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South Asia urged to address healthcare shortages: Amnesty

India has been facing a shortage of medical supplies and human resources.

Governments across South Asia must immediately address healthcare shortages and urgently strengthen their healthcare systems to respond to the rapid surge of COVID-19 cases in the region, urged Amnesty International in a news release.

With India and Nepal’s healthcare systems reaching breaking point, the organization expressed concern that there is a lack of preparedness amongst other countries in the region for the virus’s latest wave.

“Extremely low vaccination rates across South Asia have also left the region highly vulnerable, with pressing action needed at the global level to ensure more equitable access to vaccines,” the organisation said.

The crisis unfolding in India and Nepal must serve as a warning to other countries in the region to invest heavily in surge capacity for an emergency response, said Amnesty International’s Asia-Pacific director Yamini Mishra.

“We are at a critical point. Fewer than one in ten of the region’s population has been vaccinated. The decisions taken by governments in South Asia and across the world in the coming days and weeks will be crucial in mitigating the human cost of this latest surge,” Mishra said.

On 6 May, India reported more than 400,000 new cases in one day, taking its total tally of confirmed cases to 21.5 million, though this is said to be likely an underestimate. Nepal has also started to experience a massive spike in infections.

“We have seen how shortages of oxygen, hospital beds, human resources and essential medicines pushed the already under-resourced healthcare response of India over the edge. Now a similar worrying trend is emerging in Nepal,” Mishra said.

After experiencing a second wave last year, Pakistan, Bangladesh, Afghanistan and Sri Lanka are also witnessing a surge. The new Indian variant has been detected in Sri Lanka and Bangladesh, prompting authorities to close borders and ban travellers from India.

According to media reports, hospital intensive care units in Pakistan, Bangladesh, Sri Lanka and Nepal are now full or close to capacity. Further, according to the World Bank, South Asia has 0.6 hospital beds per 100,000 people, against an average of five in high-income countries.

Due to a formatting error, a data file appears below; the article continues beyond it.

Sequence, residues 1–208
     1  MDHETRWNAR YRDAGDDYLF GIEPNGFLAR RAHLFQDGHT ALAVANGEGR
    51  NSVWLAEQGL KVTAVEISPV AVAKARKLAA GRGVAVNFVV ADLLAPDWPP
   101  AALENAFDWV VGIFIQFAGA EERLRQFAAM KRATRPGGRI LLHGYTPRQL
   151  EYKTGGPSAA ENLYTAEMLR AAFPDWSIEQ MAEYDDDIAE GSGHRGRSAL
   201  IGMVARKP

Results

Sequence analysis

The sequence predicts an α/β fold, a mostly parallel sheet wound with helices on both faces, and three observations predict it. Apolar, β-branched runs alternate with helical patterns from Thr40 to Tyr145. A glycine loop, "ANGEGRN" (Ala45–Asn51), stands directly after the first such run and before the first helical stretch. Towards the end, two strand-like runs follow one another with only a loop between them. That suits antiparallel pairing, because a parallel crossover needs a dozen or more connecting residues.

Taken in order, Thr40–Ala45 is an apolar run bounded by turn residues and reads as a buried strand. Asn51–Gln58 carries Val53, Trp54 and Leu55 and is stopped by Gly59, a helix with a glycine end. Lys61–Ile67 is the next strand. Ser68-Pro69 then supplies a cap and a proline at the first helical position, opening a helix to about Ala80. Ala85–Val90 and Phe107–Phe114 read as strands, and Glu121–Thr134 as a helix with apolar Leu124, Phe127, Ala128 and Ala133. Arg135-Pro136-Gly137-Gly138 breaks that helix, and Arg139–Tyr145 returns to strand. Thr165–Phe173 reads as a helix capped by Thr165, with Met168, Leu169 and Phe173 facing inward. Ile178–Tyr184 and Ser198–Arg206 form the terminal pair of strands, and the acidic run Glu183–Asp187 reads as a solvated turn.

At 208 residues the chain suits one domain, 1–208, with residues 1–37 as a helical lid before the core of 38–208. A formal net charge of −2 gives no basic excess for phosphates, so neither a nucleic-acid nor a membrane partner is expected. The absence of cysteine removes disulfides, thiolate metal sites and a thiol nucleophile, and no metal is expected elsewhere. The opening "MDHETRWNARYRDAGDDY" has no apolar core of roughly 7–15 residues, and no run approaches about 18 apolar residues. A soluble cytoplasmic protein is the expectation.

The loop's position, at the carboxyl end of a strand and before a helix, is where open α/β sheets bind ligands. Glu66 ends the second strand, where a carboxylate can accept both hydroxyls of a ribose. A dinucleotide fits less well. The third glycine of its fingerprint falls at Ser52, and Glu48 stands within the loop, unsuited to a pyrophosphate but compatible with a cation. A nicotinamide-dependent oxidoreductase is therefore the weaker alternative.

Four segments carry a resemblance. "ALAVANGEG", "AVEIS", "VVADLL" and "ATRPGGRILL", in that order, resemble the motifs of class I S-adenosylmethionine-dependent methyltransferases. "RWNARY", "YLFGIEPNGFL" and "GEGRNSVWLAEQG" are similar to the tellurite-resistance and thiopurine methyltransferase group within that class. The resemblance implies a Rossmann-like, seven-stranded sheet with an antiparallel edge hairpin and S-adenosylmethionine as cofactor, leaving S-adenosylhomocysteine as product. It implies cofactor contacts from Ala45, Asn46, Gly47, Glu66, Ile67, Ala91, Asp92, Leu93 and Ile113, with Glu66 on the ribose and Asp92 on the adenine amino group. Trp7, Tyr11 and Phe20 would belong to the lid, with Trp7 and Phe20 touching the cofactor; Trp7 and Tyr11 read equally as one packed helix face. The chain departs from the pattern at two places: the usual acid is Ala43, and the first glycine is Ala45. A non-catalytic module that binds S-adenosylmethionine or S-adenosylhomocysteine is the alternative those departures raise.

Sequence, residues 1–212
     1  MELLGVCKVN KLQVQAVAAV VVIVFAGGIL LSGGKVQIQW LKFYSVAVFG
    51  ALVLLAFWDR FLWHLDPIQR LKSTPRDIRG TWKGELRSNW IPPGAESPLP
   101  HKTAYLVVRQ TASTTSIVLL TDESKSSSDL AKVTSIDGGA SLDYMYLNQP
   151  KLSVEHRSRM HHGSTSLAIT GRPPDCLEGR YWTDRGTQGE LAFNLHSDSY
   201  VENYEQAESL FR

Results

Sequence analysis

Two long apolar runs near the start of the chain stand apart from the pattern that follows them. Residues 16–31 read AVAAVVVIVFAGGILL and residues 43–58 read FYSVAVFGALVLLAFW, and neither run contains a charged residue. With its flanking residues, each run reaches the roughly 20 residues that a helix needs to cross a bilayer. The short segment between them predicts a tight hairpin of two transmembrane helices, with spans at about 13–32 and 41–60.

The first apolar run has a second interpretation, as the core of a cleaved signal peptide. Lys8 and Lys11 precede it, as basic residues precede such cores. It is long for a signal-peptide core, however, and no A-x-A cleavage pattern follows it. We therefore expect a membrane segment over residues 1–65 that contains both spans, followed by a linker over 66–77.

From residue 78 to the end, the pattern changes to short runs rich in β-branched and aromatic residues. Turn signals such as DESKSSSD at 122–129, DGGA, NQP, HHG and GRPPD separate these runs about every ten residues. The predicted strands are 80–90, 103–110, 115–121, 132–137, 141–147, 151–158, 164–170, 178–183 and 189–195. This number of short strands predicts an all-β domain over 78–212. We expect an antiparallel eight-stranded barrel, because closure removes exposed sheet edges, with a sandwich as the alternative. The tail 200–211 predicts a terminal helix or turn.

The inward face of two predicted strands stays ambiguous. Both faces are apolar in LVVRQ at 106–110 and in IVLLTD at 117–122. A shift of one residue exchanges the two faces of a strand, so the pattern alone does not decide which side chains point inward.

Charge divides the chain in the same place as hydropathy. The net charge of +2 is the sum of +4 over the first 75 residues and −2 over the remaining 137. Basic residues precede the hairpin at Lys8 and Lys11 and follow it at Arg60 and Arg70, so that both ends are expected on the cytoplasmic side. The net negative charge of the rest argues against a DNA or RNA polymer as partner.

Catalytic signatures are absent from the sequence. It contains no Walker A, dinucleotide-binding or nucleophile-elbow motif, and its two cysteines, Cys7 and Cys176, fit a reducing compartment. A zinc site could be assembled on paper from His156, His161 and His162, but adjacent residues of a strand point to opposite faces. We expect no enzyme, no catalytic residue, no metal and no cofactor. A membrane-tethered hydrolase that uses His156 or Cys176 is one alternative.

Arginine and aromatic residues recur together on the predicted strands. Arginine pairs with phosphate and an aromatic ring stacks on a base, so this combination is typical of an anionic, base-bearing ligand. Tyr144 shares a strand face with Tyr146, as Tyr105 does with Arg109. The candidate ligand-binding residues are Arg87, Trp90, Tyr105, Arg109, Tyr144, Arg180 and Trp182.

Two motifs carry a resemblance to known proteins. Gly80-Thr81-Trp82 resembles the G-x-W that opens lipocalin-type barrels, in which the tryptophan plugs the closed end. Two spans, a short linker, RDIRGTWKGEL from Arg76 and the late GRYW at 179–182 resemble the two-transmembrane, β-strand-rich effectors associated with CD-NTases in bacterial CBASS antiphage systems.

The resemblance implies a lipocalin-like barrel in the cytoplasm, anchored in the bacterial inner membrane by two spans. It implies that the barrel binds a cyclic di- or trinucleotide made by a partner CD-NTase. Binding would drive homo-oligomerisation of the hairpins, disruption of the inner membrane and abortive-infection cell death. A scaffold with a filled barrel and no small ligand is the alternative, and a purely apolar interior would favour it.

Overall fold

“With high rates of poverty, fragile health infrastructures, poor socio-economic conditions, inadequate social protection systems, limited access to water and sanitation facilities and inadequate living space, the new wave puts millions of lives in the region at risk,” the organisation said.

Against this backdrop, Mishra urged South Asia’s governments to develop mechanisms for building surge capacity to manage patient loads, sustain essential services, and reduce the social and economic impact of pandemic.

“At the same time, States need to focus on protecting the human rights of the marginalized and vulnerable groups at high risk, including daily wage earners, prisoners, refugees and the internally displaced, by ensuring equitable healthcare,” she added.

Furthermore, Bangladesh, Nepal, and Sri Lanka started receiving vaccine doses through donations from India and other countries, as well as via commercial deals. Amid its current crisis, India temporarily halted exports of vaccines on 24 March to prioritise domestic requirements, leaving the region with a severe shortfall of vaccines. 

With that, Amnesty International called on the international community to provide cooperation and assistance, by providing medical tools and removing legal uncertainties and barriers that may impede the production and supply of vaccines.
 

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